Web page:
|I love getting to see the breadth of style and skill in my class.|
I love teaching students how to egg tempera paint; it has got to be one of my all-time, favorite units. Egg tempera is the method medieval artists used to create their paintings. Artists like Giotto (when he wasn’t working on the Scrovegni Chapel), Cimabue, as well as most medieval religious, liturgical, and iconographers utilized egg tempera. The reason for the widespread usage of eggtempera (prior to the renaissance) is simple: it was the only reliable/durable/sustainablemethod of painting on panel. Even Leonardo Da Vinci used egg tempera. . .But, as the medieval era gave way to the renaissance, oil painting was invented. In fact, Da Vinci was one of the first artists to use oil painting. Eventually, he abandoned egg tempera in favor of the longer-drying, longer-time-to-manipulate, high-blending qualities of oil painting.
Egg tempera requires the use of small brushes, as the paint goes on in thin, translucent strokes. The artist must build up several layers of color to achieve opacity; as such, it is a timely process. The best results are achieved when the artist uses a hatch-like stroke. Egg tempera is fast drying, and most artists only mix up enough paint for the duration of the time they will be working. As such, the paint cannot be stored for a long time, and the method requires constant mixing. Essentially, the artist is making paint as s/he goes.
My students were initially a bit reserved about mixing their own paint. But, after the first class of egg tempera, they were thrilled. Students were rushing down during lunch to work on their paintings, getting to class early, and making all sorts of artistic demands. It was charming, and I loved seeing them so enflamed.
There are more academic, traditional, and intense methods to making egg tempera, than what my students used. . . The act of mixing paint is a bit ritualistic, and it would seem every egg tempera artist has his/her own specific, meaningful, manner of mixing paint. In fact, a YouTube search for “egg tempera” yields all sorts of beautiful, and interesting, results. . .But, we’re public school kids working on a shoe-string budget. . .So here in the inexpensive, down-and-dirty, easy egg tempera way.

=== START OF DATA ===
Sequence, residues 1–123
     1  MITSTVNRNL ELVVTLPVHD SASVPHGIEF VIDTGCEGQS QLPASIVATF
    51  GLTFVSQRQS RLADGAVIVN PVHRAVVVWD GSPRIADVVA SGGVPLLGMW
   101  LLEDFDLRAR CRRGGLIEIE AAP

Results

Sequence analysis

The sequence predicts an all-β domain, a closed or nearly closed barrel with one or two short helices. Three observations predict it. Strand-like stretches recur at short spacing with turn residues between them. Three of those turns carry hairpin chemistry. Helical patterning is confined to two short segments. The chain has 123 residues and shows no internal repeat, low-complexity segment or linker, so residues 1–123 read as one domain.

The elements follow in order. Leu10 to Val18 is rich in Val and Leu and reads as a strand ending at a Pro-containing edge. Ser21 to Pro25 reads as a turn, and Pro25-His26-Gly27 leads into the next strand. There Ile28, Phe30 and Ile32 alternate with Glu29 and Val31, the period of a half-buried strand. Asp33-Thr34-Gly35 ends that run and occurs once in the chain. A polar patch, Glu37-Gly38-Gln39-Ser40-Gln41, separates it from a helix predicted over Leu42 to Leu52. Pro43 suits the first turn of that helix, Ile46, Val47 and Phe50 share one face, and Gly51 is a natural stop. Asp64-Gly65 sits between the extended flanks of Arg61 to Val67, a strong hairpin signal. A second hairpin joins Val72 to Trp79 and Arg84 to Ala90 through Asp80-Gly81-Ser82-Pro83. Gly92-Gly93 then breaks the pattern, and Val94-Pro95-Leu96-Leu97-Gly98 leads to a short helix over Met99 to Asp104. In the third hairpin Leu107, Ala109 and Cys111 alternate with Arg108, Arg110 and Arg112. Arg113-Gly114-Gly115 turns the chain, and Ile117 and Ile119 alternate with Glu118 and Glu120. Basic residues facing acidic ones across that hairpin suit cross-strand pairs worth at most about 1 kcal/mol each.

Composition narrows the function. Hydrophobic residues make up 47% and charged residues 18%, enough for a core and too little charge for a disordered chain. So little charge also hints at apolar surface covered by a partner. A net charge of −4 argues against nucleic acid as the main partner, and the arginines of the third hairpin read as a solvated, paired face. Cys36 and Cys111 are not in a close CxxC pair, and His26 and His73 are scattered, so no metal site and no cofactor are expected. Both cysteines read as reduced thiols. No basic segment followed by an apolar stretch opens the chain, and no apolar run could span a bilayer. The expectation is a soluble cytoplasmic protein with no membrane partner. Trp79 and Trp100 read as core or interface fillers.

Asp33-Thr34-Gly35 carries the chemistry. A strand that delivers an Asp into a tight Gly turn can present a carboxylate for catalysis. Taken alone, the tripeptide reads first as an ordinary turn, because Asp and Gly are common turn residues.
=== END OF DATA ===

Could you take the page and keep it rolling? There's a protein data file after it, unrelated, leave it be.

Oh, and just FYI this is a project that focuses more on process than product.
You Will Need:
egg yolk (I taught 35 students and we used 3 dozen eggs)
tempera powder in R.O.Y.G.B.I.P, white, brown, and black colors (we used Richeson brand)
reference images (we used pictures of teacups)
wood board (you can egg tempera on paper/cardstock/matte board but the paper will warp when damp (this bothers a lot of kids). It was important to me my students get the “medieval” experience, so I purchased one of those huge pieces of oak board at Home Depot, and had it cut into 40 boards that are approximately 10 inch square. My total board cost: $26)
|We started out with such neat dry-pigment palettes. This is how they looked on the last day. :D|
|We used Richeson Powder Tempera. If you teach in an old building, I've bet you've got a few bottles of dry pigment rolling about. It was all the rage in the 80s and 90s.|
Students gessoed their boards, and make a sketch of their reference image on sketch paper.
We discussed how paint is comprised of binders, solvents, and pigments. We looked at this awesome video of an artist mixing oil paint. Then, I modeled how to mix egg tempera for this project. You can view the picture and video below for a visual aid. . . But, basically, you put a touch of pigment, egg yolk (binder), and water (solvent) on your palette and mix them together. I stressed how you only want to mix up enough paint for the area you plan to paint, as the mixture dries quickly (15-20 minutes).
Students translated their sketches to their boards and they painted.
We painted for 7, 45-minutes classes to achieve these results.
Go forth and enjoy!
P.S. A few egg tempera facts:
-the painted layers of egg yolk does not rot on the board; it is permanent.
-there is no perfect ratio of yolk to pigment to water. You'll know what mix is perfect for you. Just remind students to add a bit of yolk because that is the needed binder.
-the yellow yolk does not really effect the pigment color. It does not turn blues green or anything like that. It does give the colors a warm luster, and the whites tend to be warmly tinted.
-I stored the egg yolk in jello shot containers, and put them in a refrigerator when not in use. You will know when the yolks start to "turn." You will smell it long before you see it. The egg yolks stay fresh for about three days. But honestly, my kids were using up the egg yolks before they went bad. The only day that was kinda stinky was the last day (and we were so close, so I thought purchasing more eggs to be silly).
|a little pointillism seems to be happening here.|